gaged communities to be included
in formal planning processes.
Awareness of where a colony ex-
ists, or in some cases, once was
located, opens the door to access.
Gaining invited entry into a col-
ony’s social system, to speak with
those who call these places “home,
or to observe shared traditions is
Volume 2 2017 |15
Pleasant Hill C.M.E. Church, Farrsville
settlement, in Newton County, is where
descendants gather for annual “homecom-
ings,” a traditional celebration of faith,
family, and shared heritage. Attendees of
these events are a valuable resource for
documenting Freedom Colony cultural
history. Images on this page and opposite
were originally in color.
key to understanding these places
and their history. Often, gather-
ing information requires going
beyond a settlement’s boundar-
ies to locate former residents now
living elsewhere. However, plan-
ners (and preservationists) are
not trained to identify and engage
with resident and non-resident de-
scendants. In addition, because a
settlement’s history often is passed
down through family oral tradi-
tion, Freedom Colony informa-
tion is at risk as the descendants of
founders pass on or relocate.
Discussions with East Texas
Freedom Colony homeowners and
local preservation groups revealed
that there is also a lack of access
to the financial means and exper-
tise needed to support surveying,
rehabilitation, or stewardship of
endangered historic buildings.
Communal ownership of family or
shared anchor sites makes these
places ineligible for federal as-
sistance and grants. Only recent-
ly have libraries and nonprofits
worked to develop archives related
to cemeteries, schools, profession-
al cooperatives, and lodges—often
the last African-American heri-
tage sites remaining within Free-
dom Colonies.
The challenges of overcoming
invisibility and tapping into avail-
able resources, along with gentrifi-
cation and related pressures, make
Freedom Colony cultural assets
vulnerable to destruction or era-
sure. Settlement founders did not
always register the land on which
they squatted.4 For family heirs,
land title status, absentee owner-
ship, and intimidation and trick-
ery yielded “dead” assets (property
held without a legally recognized
title) and land loss. This resulted
in a decline of descendant presence
within a settlement.5 Ultimately,
the forfeiture of family-owned
lands has left these communities
| Volume 2 2017
Above: Gray and black shaded areas of
the map indicate Texas counties with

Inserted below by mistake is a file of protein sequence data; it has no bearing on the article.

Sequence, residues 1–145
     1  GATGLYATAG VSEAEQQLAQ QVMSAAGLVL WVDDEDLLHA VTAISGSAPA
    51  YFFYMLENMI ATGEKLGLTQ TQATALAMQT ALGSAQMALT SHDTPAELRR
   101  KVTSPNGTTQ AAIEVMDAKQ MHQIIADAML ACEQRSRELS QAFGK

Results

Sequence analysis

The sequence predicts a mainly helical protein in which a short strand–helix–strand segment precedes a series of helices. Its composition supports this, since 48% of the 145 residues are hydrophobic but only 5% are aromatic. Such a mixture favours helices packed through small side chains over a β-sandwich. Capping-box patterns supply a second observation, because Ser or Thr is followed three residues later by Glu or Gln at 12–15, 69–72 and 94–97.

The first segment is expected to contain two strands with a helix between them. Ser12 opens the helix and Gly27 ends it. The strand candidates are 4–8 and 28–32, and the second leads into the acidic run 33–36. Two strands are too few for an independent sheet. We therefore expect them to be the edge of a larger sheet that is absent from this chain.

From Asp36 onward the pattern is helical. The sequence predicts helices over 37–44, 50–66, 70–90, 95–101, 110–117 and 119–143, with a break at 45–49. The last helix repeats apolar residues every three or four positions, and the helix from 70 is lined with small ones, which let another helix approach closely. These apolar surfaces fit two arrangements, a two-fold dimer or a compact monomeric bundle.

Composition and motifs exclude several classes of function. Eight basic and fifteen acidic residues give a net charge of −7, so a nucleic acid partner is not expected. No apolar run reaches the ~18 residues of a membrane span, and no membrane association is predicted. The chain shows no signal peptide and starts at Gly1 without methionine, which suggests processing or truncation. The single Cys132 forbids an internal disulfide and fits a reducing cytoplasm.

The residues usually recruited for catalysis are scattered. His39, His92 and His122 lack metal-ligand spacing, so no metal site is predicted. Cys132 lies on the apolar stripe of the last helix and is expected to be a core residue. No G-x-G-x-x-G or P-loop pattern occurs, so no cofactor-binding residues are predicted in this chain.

identified Freedom Colony locations. Also
included is a listing of the number of sites
per county. The graphic is based upon
Texas Freedom Colonies Project research.
Original in color.
Note: “Sitton and
Conrad refers to a
source listed in the
with fewer core residents to sus-
tain, steward, or preserve histori-
cal structures.
While cultural resource manag-
ers often document African-Amer-
ican settlements in cultural re-
source surveys, these areas rarely
are integrated into local or region-
al planning processes for future
land use. Additionally, although
the Texas Historical Commission
Historic Sites Atlas includes sev-
eral freedom communities, an in-
teractive map of all settlements
is not yet available. As a result,
interventions, such as protective
land measures or preservation ef-
forts, are reactive—prompted by
development, changes in land use,
or sophisticated descendants. Pro-
active steps are required, includ-
ing the creation of a centralized
Freedom Colony database, addi-
tional programs to survey these
cultural assets, greater outreach to
local governments, and increased
professional instruction related
to working with descendants and
dispersed constituencies.
Establishing these resources is
the work being taken up by the
Texas Freedom Colonies Proj-
ect and other partners across the
state to ensure that the voices of
these ancestors and descendants
are heard. By doing so, the story
of African-American placemak-
ing becomes visibly enriched both
within these communities and as
part of the state’s written histori-
cal record.
Andrea R. Roberts, Ph.D., will be
continuing the work of the Texas
Freedom Colonies Project as an as-
sistant professor of landscape ar-
chitecture and urban planning at
Texas A&M University this fall.
1 Deborah J. Hoskins, Separate
Streams of Discourse: Identity and the
Rise of the Corporate State in East
Texas, 1919-1935 (Ann Arbor, MI:
University Microfilms Internation-
al, 1993).
2 Thad Sitton and James H. Con-
rad, “Freedom Colonies Indepen-
dent Black Texans in the Time of
Jim Crow,” 2005, 18.
3 U.S. Census Bureau, Geograph-
ic Areas Reference Manual (U.S.
Census Bureau, 2000).
4 Thad Sitton and James H. Con-
rad, “Freedom Colonies Indepen-
dent Black Texans in the Time of
Jim Crow,” 2005, 4.
5 Hernando de Soto, The Mystery
of Capital: Why Capitalism Tri-
umphs in The West and Fails Ev-
erywhere Else.
Volume 2 2017 |17
Restoring and
Preserving Our History
In the heart of the Texas Hill
Country visit 17 historic
one-room schools built between
1847 and 1930 by following
the 120 mile Gillespie County
Country Schools Driving Trail
through the scenic
Fredericksburg,Texas countryside.
Visit our website for a tour map
and information on our historic schools
and community centers.
All schools listed on the
National Register of Historic Places.
Member of Country School Association of America.